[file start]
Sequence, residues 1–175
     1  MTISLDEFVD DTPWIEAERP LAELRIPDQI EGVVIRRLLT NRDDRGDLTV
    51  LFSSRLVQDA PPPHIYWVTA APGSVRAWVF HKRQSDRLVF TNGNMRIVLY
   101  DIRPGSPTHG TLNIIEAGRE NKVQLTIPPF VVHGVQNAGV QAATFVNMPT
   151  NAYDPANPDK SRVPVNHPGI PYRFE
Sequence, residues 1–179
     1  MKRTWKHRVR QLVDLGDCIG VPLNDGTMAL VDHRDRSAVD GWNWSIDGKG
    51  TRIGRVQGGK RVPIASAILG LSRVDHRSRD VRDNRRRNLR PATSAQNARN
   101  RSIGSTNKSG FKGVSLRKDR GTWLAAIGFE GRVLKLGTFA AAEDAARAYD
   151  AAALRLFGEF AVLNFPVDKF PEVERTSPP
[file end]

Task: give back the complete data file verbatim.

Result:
Sequence, residues 1–175
     1  MTISLDEFVD DTPWIEAERP LAELRIPDQI EGVVIRRLLT NRDDRGDLTV
    51  LFSSRLVQDA PPPHIYWVTA APGSVRAWVF HKRQSDRLVF TNGNMRIVLY
   101  DIRPGSPTHG TLNIIEAGRE NKVQLTIPPF VVHGVQNAGV QAATFVNMPT
   151  NAYDPANPDK SRVPVNHPGI PYRFE
Sequence, residues 1–179
     1  MKRTWKHRVR QLVDLGDCIG VPLNDGTMAL VDHRDRSAVD GWNWSIDGKG
    51  TRIGRVQGGK RVPIASAILG LSRVDHRSRD VRDNRRRNLR PATSAQNARN
   101  RSIGSTNKSG FKGVSLRKDR GTWLAAIGFE GRVLKLGTFA AAEDAARAYD
   151  AAALRLFGEF AVLNFPVDKF PEVERTSPP